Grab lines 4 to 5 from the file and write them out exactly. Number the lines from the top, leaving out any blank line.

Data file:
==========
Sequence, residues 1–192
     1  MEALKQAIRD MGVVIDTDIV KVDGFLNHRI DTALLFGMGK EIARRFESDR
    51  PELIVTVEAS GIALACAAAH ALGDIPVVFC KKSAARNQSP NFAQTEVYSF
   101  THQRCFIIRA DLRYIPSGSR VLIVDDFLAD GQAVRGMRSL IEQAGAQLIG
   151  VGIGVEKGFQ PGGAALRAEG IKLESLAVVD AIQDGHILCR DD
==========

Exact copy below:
   101  THQRCFIIRA DLRYIPSGSR VLIVDDFLAD GQAVRGMRSL IEQAGAQLIG
   151  VGIGVEKGFQ PGGAALRAEG IKLESLAVVD AIQDGHILCR DD